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Book Review: The Black Swan, by Nassim Taleb

The central premise of the Black Swan, by Nassim Taleb, is that rare outlying events have a greater influence on the world than do statistically predictable ones, but whilst our planning and analysis systems deal with the latter reasonably well, they are completely inadequate for the former.

Examples of rare outlying events that have had a significant event on our world include 9/11, the 2008/9 stock market crash, and, more recently, the UK #Brexit referendum.

Taleb does a reasonably good job of pointing out the flaws in what he terms the Gaussian model (most notably the normal distribution). He also does a good job in demonstrating our tendency to want to try to describe everything in these terms, regardless of whether or not it is appropriate, and therefore to tend to ignore everything that falls outside of this model.

However, he does err towards throwing the baby out with the bath water. The normal distribution (and indeed the other distributions he criticises) are useful in many applications. And that should be the real measure of any theory. All theories have limitations and domains beyond which they should be used, and yet remain useful if appropriately applied, and statistical distributions are not different in this regard.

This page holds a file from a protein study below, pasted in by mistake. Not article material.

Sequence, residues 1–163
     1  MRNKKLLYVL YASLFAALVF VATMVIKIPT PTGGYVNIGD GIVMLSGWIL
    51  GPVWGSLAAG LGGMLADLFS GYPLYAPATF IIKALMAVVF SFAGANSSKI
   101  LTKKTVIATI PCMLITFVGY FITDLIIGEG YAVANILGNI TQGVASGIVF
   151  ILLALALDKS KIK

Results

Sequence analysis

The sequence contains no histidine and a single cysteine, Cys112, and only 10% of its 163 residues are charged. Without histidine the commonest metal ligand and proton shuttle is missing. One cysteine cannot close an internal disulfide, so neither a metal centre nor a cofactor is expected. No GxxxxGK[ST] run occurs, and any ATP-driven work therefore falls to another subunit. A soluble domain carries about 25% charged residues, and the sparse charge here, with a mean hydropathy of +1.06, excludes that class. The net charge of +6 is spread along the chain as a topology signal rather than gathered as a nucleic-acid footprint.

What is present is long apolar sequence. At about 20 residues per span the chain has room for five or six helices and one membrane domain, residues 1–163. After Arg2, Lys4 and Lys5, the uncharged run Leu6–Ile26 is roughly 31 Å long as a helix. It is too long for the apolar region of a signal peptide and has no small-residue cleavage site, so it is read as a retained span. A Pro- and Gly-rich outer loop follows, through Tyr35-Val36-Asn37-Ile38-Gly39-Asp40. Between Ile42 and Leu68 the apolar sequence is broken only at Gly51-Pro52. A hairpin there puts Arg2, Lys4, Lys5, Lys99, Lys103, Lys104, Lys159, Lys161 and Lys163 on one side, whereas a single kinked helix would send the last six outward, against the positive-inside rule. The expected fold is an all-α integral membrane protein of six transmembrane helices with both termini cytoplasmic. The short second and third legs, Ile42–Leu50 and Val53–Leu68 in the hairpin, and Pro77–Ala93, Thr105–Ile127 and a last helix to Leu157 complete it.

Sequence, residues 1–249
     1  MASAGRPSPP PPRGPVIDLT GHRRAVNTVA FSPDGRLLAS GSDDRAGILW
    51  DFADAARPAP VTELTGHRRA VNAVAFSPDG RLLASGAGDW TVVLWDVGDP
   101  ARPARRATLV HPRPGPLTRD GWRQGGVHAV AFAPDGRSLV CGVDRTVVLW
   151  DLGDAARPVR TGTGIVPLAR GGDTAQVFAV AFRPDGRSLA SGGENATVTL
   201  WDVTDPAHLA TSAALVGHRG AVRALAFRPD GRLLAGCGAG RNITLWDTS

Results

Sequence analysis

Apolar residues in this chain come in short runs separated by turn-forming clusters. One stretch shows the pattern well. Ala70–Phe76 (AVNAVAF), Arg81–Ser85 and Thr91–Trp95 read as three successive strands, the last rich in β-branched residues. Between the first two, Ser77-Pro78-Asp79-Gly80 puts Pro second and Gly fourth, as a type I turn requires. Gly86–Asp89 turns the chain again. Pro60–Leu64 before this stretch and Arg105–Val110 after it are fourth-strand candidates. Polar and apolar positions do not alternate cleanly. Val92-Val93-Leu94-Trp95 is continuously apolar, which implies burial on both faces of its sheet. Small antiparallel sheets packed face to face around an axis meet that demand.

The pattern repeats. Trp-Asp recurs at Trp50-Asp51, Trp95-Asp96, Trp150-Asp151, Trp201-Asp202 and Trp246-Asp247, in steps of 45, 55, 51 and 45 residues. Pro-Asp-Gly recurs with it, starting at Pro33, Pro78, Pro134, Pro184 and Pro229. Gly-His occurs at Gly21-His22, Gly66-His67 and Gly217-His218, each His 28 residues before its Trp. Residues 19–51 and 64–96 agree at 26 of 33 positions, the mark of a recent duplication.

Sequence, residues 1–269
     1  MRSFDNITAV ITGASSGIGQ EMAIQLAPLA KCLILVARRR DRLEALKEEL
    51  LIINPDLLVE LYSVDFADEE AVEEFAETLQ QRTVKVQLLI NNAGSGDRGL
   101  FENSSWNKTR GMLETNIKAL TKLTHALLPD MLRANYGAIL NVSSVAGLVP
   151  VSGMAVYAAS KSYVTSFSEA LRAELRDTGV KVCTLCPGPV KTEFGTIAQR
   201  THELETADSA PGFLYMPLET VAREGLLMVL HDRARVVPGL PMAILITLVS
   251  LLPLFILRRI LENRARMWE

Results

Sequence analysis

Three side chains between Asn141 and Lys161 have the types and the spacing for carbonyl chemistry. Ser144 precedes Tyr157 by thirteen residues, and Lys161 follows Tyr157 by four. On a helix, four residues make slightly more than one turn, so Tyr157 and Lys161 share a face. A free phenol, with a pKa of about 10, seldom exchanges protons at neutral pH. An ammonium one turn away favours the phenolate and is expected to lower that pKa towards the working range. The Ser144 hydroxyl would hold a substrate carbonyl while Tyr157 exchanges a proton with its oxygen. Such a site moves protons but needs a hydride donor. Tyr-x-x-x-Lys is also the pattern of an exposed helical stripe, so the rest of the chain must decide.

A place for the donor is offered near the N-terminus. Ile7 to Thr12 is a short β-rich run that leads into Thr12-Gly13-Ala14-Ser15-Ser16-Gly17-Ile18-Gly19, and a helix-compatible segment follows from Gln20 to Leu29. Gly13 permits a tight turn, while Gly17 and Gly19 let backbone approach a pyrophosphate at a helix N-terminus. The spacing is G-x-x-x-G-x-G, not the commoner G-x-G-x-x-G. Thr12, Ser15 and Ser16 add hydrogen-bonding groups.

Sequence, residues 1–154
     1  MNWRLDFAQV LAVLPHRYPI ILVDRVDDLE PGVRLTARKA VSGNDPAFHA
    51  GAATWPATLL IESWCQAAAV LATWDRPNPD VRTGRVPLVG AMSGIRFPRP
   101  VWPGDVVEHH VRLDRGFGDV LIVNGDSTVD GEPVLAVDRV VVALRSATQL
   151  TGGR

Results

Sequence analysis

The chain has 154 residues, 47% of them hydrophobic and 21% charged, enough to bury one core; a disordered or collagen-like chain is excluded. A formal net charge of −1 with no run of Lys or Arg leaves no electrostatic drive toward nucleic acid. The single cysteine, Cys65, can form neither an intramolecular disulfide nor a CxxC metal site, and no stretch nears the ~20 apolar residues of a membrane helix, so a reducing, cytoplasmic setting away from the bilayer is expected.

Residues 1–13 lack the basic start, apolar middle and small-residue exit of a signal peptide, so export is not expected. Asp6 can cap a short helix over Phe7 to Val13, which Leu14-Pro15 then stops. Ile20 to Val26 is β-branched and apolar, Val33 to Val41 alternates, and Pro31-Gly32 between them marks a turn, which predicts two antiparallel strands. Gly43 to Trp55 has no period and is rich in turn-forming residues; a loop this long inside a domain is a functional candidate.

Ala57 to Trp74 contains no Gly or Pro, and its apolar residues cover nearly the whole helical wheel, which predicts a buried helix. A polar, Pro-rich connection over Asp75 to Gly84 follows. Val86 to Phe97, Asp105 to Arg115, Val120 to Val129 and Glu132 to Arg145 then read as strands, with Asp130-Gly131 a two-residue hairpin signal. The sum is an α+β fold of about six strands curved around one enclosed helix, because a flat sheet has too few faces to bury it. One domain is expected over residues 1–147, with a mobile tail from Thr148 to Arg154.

He also fails to present any useful alternatives, and so does not really take us forward in any meaningful way. Thinking about it from my own perspective, scenario planning does provide one useful alternative which can help us to escape the confines and flaws of the so-called Gaussian model.

The Black Swan is a fascinating and eclectic read which may challenge many of our assumptions about the world and the way we analyse it. However, if you're looking for practical alternative solutions, you may be disappointed.

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